Kate Mackenzie Economics, sustainability and energy: Discuss

There have been some good reads on environmental economics of late, notably Paul Krugman’s piece earlier this month which explains externalities, Pigou, and an argument for carbon tariffs.

More recently The Oil Drum summarised an interesting paper by Sussex University senior fellow Steven Sorrell called “Energy, growth and sustainability: Five propositions”.

Sorrell’s propositions are:

  • Rebound effects are significant and limit the potential for decoupling energy consumption from economic growth
  • The contribution of energy to productivity improvements and economic growth has been greatly
  • The pursuit of improved efficiency needs to be complemented by an ethic of sufficiency
  • Sustainability is incompatible with continued economic growth in rich countries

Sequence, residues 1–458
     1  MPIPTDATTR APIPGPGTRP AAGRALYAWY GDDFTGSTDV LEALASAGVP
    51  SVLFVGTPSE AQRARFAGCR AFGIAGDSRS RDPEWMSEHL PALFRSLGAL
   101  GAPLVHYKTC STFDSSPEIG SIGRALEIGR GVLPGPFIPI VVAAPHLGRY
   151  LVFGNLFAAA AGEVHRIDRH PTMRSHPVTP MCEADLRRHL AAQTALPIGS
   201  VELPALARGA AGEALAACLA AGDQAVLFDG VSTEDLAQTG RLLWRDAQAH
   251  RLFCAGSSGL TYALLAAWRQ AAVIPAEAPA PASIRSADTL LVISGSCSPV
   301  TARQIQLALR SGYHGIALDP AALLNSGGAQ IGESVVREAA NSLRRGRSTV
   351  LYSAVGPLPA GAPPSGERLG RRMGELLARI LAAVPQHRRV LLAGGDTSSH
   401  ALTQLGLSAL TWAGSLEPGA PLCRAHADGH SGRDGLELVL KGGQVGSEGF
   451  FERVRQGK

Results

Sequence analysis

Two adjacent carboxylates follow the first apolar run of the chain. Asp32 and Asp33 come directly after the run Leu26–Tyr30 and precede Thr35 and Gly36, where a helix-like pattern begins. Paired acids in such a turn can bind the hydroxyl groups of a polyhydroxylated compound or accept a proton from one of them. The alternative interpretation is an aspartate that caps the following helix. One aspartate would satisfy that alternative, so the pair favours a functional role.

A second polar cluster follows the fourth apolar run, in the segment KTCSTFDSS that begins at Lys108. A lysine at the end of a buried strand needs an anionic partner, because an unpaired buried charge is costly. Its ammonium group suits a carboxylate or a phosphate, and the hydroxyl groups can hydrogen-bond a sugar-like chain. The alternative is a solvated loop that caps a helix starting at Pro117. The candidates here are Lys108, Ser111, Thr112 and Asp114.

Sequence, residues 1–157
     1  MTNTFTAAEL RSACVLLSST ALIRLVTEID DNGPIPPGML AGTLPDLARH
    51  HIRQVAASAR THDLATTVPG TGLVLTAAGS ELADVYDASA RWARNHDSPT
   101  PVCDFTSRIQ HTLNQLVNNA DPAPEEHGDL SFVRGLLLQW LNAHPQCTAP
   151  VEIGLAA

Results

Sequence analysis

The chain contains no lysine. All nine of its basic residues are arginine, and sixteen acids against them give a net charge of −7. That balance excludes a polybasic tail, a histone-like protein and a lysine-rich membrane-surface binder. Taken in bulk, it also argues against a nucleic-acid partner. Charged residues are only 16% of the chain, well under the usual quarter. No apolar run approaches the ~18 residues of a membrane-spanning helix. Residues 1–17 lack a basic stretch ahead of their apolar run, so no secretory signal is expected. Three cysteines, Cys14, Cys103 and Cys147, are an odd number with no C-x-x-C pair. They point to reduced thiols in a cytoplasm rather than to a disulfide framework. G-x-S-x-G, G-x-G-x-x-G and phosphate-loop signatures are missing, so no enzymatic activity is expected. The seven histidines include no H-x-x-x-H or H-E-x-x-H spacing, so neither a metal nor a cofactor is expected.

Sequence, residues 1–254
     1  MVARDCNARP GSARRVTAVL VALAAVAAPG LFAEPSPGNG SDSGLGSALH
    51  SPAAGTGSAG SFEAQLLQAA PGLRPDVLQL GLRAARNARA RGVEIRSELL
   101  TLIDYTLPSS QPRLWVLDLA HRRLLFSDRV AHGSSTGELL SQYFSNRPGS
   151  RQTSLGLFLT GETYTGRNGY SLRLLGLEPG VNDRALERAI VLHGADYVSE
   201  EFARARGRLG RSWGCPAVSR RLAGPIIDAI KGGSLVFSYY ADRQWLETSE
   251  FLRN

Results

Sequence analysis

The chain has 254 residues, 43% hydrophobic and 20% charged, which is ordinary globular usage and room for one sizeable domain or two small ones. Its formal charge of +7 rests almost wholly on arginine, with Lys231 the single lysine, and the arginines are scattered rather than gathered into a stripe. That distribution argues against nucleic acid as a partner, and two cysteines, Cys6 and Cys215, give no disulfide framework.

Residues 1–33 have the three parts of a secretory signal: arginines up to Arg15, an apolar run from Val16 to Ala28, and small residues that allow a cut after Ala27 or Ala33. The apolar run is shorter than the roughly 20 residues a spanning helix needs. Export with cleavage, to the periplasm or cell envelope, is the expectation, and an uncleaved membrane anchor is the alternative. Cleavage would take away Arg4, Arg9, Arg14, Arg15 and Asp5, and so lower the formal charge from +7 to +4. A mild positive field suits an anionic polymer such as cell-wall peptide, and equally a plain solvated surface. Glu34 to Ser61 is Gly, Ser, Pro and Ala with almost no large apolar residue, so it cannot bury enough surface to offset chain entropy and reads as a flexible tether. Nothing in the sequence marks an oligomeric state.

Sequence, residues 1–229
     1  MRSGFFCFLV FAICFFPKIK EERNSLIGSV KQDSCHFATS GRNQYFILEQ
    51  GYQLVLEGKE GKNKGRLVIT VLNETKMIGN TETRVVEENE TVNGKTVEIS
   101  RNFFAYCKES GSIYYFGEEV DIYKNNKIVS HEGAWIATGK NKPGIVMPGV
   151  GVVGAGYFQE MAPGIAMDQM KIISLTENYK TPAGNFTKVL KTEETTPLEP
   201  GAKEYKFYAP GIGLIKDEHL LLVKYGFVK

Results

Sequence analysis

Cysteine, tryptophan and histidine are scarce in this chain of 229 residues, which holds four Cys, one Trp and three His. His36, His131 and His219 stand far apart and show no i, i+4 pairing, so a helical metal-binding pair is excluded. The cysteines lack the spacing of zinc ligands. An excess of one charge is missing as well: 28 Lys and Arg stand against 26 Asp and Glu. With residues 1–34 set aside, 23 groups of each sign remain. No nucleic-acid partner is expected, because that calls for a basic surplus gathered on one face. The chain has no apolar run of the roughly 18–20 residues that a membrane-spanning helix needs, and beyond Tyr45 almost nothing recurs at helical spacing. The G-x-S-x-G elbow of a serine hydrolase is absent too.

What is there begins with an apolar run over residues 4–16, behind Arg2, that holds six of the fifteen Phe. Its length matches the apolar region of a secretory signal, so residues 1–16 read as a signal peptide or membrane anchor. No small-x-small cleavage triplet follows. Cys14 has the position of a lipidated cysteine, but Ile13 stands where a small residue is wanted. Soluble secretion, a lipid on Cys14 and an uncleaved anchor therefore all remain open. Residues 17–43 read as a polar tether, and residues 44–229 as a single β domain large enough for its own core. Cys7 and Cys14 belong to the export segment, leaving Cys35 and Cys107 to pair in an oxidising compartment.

• A zero-growth economy is incompatible with a debt-based monetary system

Check either of the links above for more details, but by way of background, Sorrell’s bio page says he is an engineer who has written several papers on energy economics and policy, a few of which focus on the rebound effect (aka Jevons Paradox).

The comments the TOD article are interesting, charting the differences between (some) engineers/peak oilists and (some) schools of economics. It moves from the ‘dates of the crash or crashes’ through to ‘vulgar’ definitions of energy economics, an explanation of fractional reserve banking, and the question of whether democracy or human nature allows humans to do anything other than continue to maximise the utility of all available resources.